Winner of the 14th annual Anthony Hecht Poetry Prize
Judge: Charles Wright
Two poems from Katherine Hollander’s My German Dictionary
followed by a note on the author
I couldn’t be a good Jew, so I tried
to be a good historian. I couldn’t be
a good historian, so I wrote poems.
I couldn’t write about the Shoah, so
I wrote about the Somme. My heart
is not a pocket watch. I wrote swans
snails, stars, and mud. I couldn’t sleep,
so I tried sleepwalking. I couldn’t
sleepwalk, so I just dreamed. Oh
doctor-father, oak-owl, grandfather clock:
Why didn’t you help godpapa? Why didn’t you help
me? Nuremburg, Nuremburg, my old hometown.
Tell me, however should I find such a country?
I didn’t love a nation, I loved an idea.
I don’t trust policemen, I don’t look
at stray dogs, I don’t trust clocks. I am
unpacking my library. Yes, I am. The good
traveling coat has a fox-fur collar
and a fat gold tassel at the shoulder.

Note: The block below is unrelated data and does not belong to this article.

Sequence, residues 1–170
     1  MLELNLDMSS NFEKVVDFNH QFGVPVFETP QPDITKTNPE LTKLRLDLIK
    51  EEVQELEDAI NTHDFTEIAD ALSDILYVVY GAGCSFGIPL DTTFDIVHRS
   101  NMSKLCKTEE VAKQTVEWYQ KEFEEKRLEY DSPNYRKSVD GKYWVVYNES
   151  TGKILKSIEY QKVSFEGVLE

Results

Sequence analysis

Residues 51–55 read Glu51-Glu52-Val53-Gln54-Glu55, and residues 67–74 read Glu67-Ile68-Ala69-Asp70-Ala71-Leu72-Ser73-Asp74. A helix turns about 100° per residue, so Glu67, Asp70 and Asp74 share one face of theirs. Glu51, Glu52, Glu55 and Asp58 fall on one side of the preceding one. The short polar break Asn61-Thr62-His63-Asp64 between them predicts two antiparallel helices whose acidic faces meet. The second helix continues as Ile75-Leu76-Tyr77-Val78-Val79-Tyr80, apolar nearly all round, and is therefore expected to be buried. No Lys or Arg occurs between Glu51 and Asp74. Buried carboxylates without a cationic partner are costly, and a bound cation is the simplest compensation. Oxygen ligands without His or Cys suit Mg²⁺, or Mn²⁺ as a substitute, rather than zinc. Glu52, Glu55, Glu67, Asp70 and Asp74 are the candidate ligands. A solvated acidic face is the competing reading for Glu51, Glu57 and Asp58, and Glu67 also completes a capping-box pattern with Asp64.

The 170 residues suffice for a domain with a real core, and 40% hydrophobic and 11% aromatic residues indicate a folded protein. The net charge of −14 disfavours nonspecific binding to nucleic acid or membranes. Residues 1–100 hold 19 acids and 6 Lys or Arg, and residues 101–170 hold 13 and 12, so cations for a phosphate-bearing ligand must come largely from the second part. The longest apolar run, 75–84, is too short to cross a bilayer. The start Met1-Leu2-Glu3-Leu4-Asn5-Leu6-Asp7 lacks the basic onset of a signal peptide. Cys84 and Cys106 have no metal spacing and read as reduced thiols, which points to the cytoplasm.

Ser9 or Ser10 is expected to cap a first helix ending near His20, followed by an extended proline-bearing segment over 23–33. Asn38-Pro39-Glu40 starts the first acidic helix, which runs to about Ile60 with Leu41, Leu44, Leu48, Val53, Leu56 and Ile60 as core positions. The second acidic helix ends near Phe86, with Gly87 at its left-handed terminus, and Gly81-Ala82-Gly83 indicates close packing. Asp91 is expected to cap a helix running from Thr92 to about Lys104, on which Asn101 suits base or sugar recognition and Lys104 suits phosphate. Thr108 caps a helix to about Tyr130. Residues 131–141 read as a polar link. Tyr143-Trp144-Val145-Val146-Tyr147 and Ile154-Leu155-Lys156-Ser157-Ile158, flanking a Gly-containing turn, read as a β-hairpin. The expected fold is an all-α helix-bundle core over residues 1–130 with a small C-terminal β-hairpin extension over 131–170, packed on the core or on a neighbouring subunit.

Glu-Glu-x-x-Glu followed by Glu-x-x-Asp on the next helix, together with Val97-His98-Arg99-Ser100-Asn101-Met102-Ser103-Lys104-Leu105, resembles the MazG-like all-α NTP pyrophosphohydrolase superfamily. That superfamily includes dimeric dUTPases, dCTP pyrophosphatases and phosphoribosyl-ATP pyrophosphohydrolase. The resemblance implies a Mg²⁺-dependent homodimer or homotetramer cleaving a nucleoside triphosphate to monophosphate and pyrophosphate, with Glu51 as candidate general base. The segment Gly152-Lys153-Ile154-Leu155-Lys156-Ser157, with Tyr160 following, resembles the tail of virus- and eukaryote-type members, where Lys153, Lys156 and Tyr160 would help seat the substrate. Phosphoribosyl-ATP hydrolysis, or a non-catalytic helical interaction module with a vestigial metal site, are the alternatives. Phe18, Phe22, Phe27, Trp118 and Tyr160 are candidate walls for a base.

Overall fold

Pull on it, and out from the wide sleeve, a little
cedar ladder nudges ready to take you away.
No city can compete
with this city, capital
of ghastliness, beauty,
and dawn. White sky,
the streetlamps turning
out like diamonds
going dark. A wet kitten
drinks milk on a windowsill.
The drowned girl makes her long way
down the river, under bridges.
Her eyes are looking at
the moon. To her fingers
come the fish, like swallows.
The night’s bodies tend
morgueward. A war-hero,
legless, sharpens pencils
readied like a clutch of arrows.
Mothers are ironing. Children
are sleeping in rooms papered
with money, patterns of leader-
faces, wheat-sheaves and stars.
The sun is rising. The street
cleaner comes, as ever.
Katherine Hollander is a poet and historian. Her poetry, criticism, and scholarship have appeared in Literary Imagination, Pleiades, Hunger Mountain, Tupelo Quarterly, The Brecht Yearbook, New German Critique, and elsewhere. She is presently Faculty Fellow in modern European history at Colby College and a guest reader for Sugar House Review.